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Thursday, 17 February, 2000, 05:57 GMT
Birmingham maps out noise

Jet overflying house 12m people endure serious noise pollution


The first "noise map" of a UK city is being launched as part of an attempt to discover how many people live in homes exposed to the roar of traffic and factories.

Birmingham City Council has developed state-of-the-art Sound Immission Contour Maps (SICMs), which are colour-coded maps of combined sources of noise of the city.

The constant din of lorries, cars, planes, trains and other nuisances at "unacceptable" levels is believed to affect as many as 12 million people in the UK.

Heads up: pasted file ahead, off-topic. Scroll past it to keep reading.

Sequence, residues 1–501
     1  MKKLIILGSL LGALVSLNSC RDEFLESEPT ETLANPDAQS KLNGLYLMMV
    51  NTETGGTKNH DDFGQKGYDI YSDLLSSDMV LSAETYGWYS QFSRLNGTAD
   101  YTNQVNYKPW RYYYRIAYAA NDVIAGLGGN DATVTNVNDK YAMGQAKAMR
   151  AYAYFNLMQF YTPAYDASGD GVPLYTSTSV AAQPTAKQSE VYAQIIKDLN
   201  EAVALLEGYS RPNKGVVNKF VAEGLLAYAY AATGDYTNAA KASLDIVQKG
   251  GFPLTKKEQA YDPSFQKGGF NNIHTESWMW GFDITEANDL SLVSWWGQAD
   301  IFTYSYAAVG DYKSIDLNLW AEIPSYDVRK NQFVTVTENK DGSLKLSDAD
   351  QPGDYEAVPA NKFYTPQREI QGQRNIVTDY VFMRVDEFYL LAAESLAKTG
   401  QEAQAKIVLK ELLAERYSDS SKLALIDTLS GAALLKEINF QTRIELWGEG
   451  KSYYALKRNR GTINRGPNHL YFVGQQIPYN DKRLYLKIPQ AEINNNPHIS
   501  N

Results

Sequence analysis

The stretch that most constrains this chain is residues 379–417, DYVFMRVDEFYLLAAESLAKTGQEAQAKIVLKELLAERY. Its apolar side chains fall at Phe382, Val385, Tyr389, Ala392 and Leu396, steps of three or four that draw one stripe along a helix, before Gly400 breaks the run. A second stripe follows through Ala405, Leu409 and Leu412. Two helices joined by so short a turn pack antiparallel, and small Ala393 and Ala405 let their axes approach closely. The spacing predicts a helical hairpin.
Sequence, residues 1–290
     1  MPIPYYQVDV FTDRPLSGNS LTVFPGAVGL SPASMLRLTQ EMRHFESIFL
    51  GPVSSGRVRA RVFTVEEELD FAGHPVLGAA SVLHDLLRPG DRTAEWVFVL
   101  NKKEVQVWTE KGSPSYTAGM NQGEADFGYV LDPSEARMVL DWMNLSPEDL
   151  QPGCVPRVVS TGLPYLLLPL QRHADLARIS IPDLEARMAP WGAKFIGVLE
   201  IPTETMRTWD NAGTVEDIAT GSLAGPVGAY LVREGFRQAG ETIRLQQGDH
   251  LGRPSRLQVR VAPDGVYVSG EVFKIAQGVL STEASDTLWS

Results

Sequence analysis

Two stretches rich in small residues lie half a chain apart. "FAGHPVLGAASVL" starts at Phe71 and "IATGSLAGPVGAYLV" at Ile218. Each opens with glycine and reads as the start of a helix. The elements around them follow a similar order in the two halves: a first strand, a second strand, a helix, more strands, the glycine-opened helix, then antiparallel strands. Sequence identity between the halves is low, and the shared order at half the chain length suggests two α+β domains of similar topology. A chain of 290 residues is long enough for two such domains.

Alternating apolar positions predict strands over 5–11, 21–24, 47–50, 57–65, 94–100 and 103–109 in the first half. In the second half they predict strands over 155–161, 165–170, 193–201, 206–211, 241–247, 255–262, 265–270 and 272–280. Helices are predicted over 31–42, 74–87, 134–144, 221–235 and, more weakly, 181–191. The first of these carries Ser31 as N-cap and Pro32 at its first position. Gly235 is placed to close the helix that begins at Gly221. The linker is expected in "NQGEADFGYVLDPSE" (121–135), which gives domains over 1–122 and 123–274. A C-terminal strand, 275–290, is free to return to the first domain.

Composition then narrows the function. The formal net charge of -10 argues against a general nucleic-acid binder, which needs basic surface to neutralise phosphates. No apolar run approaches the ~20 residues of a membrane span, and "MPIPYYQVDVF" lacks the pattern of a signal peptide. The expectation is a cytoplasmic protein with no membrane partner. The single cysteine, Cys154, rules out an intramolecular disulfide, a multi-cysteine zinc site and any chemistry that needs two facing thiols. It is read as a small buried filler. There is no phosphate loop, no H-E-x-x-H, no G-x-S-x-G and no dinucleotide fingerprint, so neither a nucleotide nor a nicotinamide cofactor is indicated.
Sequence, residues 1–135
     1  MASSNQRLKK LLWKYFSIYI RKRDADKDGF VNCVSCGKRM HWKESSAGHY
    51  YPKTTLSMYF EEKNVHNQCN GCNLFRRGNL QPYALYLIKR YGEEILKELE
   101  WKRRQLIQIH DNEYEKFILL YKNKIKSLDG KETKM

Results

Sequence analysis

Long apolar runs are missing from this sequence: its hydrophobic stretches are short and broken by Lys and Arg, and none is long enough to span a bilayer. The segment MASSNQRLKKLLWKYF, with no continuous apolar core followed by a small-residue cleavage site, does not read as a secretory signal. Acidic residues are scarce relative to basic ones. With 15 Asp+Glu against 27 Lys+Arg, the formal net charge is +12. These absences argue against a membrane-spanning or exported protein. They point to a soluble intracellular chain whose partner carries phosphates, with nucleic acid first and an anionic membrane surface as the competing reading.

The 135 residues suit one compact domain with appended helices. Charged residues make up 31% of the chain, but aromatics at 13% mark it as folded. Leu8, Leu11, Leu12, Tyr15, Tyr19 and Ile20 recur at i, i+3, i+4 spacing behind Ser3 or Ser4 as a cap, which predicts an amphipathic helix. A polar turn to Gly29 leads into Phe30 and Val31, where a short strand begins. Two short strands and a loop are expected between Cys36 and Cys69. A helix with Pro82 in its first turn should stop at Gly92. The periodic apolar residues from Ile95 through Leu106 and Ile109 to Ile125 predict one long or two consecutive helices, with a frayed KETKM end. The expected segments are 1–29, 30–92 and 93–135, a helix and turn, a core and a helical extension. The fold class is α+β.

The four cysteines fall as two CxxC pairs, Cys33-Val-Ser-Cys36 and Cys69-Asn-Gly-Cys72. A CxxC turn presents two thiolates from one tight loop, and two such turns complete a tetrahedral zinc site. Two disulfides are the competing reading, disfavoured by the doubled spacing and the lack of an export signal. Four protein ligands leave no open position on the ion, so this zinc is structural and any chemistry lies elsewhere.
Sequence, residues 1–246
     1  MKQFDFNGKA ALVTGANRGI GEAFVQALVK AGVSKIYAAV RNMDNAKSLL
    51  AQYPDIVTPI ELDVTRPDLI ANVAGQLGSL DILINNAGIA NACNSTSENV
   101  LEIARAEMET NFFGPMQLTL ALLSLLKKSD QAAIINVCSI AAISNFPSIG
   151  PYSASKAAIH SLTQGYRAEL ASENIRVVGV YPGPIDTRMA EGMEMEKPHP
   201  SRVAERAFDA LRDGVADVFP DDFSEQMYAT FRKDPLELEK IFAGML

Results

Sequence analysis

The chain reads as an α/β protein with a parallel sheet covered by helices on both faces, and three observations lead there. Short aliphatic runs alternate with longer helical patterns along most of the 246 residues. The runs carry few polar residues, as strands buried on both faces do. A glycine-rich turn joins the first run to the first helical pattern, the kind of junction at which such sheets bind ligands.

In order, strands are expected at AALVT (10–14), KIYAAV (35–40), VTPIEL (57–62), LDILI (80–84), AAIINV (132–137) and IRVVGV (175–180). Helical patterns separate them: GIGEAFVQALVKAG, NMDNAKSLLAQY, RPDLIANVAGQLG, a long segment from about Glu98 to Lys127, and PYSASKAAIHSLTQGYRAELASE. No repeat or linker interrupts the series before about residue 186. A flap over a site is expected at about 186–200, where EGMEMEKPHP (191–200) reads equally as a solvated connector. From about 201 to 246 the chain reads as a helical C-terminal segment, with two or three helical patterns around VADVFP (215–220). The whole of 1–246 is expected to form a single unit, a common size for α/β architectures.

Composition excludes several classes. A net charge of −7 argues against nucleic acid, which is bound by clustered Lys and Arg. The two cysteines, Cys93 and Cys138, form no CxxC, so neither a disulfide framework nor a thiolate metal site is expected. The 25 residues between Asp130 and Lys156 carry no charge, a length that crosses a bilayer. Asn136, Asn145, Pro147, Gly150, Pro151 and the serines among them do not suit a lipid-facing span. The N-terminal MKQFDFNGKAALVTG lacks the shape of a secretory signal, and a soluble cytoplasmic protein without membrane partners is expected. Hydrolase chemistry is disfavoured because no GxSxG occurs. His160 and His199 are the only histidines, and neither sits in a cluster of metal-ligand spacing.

The maps have implications for local councils when drawing up planning and transport schemes.

Lawnmowers

They have been developed ahead of a potential EU directive and are part of a government-backed plan to cut noise pollution.

Environment Minister Michael Meacher is due to attend a seminar to launch the noise maps.

He said he hoped the forthcoming urban White Paper would provide an opportunity to focus on what could be done to improve the quality of life in cities.

The initiative follows the strengthening of city council powers under the Noise Act to deal with noise created by loud music at parties, loud appliances such as lawnmowers and drills, and domestic arguments.

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See also:
25 Dec 99 |  Northern Ireland
New laws target noisy neighbours
07 Jun 98 |  Sci/Tech
Noise threat to whales

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